I was only able to test recording 1080i once, but the recording was not long enough to get an accurate measure of the bit rate as I was experiencing heavy signal interference at the time.  Broadcasts of 1080i are definitely hard for me to track down.  However, in my experience with HDTV during my internship, I do know that 1080i has a maximum bit rate of 19.2Mbps.  That means a full hour of 1080i HDTV take upwards of 8.64 GB of space, in the worst case scenario.  However, as this is uncompressed video it be possible to use third party applications to encode the video to a lower bit rate without losing too much quality.

The only glitch in the overall experience was the occasional blurring of fast moving action in the recorded videos.  Since the live feed of the TV, when recording, does not appear to have that problem, I’m certain that it is a software problem that could be fixed through an update of the drivers or WinTV2000 application.

Finally, there is a mechanism to silently schedule TV recordings using the TitanTV program.  It is simple enough to understand, and within about 30 seconds I was able to set up a timed recording.

As a side note: if you record a TV channel while you are NOT actively viewing the WinTV2000 program, it will start up the program on your screen.  There is a setting to allow it to record in a muted mode, but the only problem with the pre-programmed functionality of this DVR software is that it does not shut down the application after it is done recording the allotted content.  That means that you will be coming home to the TV tuner still running any time that it was programmed to record something earlier in the day.

Short and simple…that’s what I like about this recording program!  If only it would shut down when it was done… (view large image)

Minor Glitches

During my evaluation of this unit, I ran across a few minor glitches.

First of all, if you decide to plug in the TV Tuner into a different USB port you have to reinstall all the Hauppauge drivers.  I discovered this when I unplugged the tuner from my dock and used it on the road.  Despite the fact that the Quick Start guide mentioned this problem, Hauppauge really should have fixed this problem before this product was released.  However, once you plug the device into all the ports you might use it on you will be fine.

Secondly, and more importantly, updating the video card drivers will cause the WinTV2000 application to stop working.  That problem was not mentioned in the documentation for the tuner, and I cannot find a solution to it…other than reinstalling allthe drivers and software for the TV Tuner.  After updating from the manufacturer drivers to Catalyst 6.9 to Catalyst 6.10 and then back to my manufacturer drivers, I am a little tired of reinstalling this software.  Fortunately, it always comes back to working status after reinstalling.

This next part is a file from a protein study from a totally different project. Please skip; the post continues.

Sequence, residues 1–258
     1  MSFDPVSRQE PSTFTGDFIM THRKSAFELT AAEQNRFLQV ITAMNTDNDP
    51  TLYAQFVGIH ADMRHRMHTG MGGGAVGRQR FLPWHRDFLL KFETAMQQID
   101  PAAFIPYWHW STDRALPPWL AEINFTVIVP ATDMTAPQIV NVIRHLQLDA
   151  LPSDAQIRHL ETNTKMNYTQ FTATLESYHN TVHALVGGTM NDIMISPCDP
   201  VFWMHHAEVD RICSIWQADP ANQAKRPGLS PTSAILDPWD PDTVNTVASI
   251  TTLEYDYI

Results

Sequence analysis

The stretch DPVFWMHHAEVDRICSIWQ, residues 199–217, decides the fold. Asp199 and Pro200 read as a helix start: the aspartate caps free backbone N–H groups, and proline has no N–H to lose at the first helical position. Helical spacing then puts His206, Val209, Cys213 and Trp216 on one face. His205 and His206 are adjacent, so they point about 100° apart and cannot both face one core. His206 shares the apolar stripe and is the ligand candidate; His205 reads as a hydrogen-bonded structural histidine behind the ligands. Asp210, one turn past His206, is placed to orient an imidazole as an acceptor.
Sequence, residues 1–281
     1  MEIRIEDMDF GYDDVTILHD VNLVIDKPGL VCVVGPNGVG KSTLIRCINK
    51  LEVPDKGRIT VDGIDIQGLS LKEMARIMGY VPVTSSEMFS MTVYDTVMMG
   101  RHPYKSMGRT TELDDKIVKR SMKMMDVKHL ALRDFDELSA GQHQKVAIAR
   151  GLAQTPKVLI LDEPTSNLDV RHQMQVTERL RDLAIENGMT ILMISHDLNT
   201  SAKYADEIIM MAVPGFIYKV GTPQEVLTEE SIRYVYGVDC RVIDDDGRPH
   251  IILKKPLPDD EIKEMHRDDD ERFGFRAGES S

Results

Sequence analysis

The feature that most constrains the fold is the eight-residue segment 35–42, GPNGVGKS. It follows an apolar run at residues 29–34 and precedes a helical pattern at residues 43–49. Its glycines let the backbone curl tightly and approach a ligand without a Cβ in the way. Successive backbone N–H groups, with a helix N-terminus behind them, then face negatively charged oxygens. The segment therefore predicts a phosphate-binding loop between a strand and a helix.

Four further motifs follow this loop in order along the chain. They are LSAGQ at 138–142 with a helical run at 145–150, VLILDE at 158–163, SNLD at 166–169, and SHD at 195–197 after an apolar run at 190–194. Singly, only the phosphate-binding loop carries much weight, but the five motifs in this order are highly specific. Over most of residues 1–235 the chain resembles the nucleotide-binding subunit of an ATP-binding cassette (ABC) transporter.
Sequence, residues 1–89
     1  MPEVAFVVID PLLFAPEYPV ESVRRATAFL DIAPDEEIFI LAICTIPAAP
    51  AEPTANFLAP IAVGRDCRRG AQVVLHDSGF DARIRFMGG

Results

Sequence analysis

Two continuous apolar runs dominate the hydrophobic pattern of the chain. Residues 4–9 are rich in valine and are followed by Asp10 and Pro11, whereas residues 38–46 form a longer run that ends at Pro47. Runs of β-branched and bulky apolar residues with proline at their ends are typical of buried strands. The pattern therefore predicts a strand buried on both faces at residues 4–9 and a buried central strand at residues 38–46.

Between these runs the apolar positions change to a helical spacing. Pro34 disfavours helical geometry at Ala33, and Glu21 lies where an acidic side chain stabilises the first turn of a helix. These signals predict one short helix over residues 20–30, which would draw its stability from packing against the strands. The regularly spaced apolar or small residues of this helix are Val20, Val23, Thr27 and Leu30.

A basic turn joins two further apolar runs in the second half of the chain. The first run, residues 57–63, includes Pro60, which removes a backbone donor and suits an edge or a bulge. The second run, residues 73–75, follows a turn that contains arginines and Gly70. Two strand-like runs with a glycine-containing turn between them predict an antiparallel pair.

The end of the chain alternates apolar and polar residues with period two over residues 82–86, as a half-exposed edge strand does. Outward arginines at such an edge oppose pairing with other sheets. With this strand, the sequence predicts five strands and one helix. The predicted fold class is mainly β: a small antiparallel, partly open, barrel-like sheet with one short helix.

The Hauppauge WinTV HVR 950 USB2is a TV Tuner that gives hope to the masses of people that have non-Media Center PCs.  It is fairly compact, and provides both a quality SDTV and HDTV experience to the end user.  Despite the fact that the DVR software is a little quirky, the Hauppauge WinTV HVR 950 TV Tuner is a very good investment for media enthusiasts.  Overall, this unit is more than worth the expense, and its strengths far outweigh any weaknesses in its software.


  • Works in XP Home & Pro.
  • Self-powered, mobile TV Tuner device.
  • Does not require an AC adapter.
  • Comes with a compact TV antenna for HDTV & SDTV.
  • Live HDTV (and recorded HDTV) has excellent, and very impressive, viewing quality.
  • Does not run too hot during operation, despite the small size.
  • SDTV recordings are fairly compact as well, if you configure it for SVCD recordings.

Important Points

  • HDTV recordings can take up a gigantic amount of space!
  • USB TV Tuner stick is both wide enough and tall enough to block a nearby USB port.  This can be remedied by using the included USB extension cord.


  • If you update your video card drivers you will need to re-install all Hauppauge programs.
  • If you plug in the device to another USB port, you have to reinstall the drivers for the tuner.
  • Recorded video occasionally has some blurring during fast movements, but the effect is usually fairly light.
  • Pre-programmed recording program is a little odd
    • While it does record silently when asked to (the audio is in the final recording), it has to pull up the program to actually record the clip.
    • That same application does not shut down once the programmed amount of time has passed.  The recoding will stop, but the TV viewing application does not.